White House may have leaked intel inadvertantly


US President Barack Obama arrives onboard Marine One on the South Lawn of the White House May 11, 2012 in Washington, D.C.



The White House's efforts to reassure the public that there was never a serious threat from the underwear bomb plot that was foiled close to Osama bin Laden's death anniversary may have inadvertently leaked information about covert operations, Reuters said in an exclusive report.

According to Reuters, the Obama administration's top adviser on counter-terrorism, John Brennan, held a private teleconference briefing former counter-terrorism advisers on the situation. Five sources familiar with the call said Brennan said the plot was not a threat because Washington had "inside control" of the situation.

Those words might have unintentionally led to leaking the covert joint counter-terrorism operation by American, British and Saudi agencies.

Richard Clarke, former chief of counter-terrorism for the Clinton administration, appeared on ABC World News Tonight a few minutes after the call and said the plot "never came close because they had insider information, insider control."

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A few hours later, Clarke said, "The U.S. government is saying it never came close because they had insider information, insider control, which implies that they had somebody on the inside who wasn't going to let it happen," according to Reuters.

US and allied officials told Reuters that the leaks led to shutting down an operation that they had hoped to continue for weeks or longer. The leak also exposed the sensitive information that Western spies had infiltrated Al Qaeda in the Arabian Peninsula.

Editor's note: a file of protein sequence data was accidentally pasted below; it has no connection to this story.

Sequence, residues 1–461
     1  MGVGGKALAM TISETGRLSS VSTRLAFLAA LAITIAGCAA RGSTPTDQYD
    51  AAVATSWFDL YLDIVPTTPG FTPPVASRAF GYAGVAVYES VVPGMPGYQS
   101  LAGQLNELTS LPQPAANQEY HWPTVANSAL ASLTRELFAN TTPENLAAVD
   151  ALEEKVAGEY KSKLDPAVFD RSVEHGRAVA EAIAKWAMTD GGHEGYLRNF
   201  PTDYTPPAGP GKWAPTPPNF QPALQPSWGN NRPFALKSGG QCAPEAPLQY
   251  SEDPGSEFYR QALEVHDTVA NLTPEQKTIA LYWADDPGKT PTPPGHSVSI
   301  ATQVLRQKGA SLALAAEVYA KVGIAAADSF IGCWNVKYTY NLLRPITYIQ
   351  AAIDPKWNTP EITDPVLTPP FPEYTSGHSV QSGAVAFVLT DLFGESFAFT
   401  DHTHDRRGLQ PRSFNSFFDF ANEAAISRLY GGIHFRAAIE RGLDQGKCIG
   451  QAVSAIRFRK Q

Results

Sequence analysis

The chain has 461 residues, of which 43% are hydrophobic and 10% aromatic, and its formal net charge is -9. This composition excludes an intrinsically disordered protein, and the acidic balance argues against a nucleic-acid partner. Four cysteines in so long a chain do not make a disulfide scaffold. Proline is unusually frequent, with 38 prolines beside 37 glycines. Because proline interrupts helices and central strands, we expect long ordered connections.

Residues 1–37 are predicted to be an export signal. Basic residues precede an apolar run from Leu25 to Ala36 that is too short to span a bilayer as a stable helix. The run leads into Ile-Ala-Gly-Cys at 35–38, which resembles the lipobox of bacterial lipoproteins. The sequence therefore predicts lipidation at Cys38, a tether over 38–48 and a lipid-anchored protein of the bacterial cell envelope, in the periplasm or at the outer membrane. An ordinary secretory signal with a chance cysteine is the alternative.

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According to the Guardian, James Clapper, the US director of National Intelligence opened an "internal review" of 16 American intelligence agencies to determine where any potential leaks could have originated from.

The FBI also announced that it was conducting a criminal investigation, according to the Guardian. Secretary of Defense Leon Panetta said, "When these leaks take place, they damage our ability to be able to pursue our intelligence efforts."

On Sunday, Sen. Diane Feinstein, the chair of the Senate Intelligence Committee, said, "The leak really did endanger sources and methods," while speaking on Fox News Sunday. She added, "The leak, I think, has to be prosecuted," according to The Atlantic.

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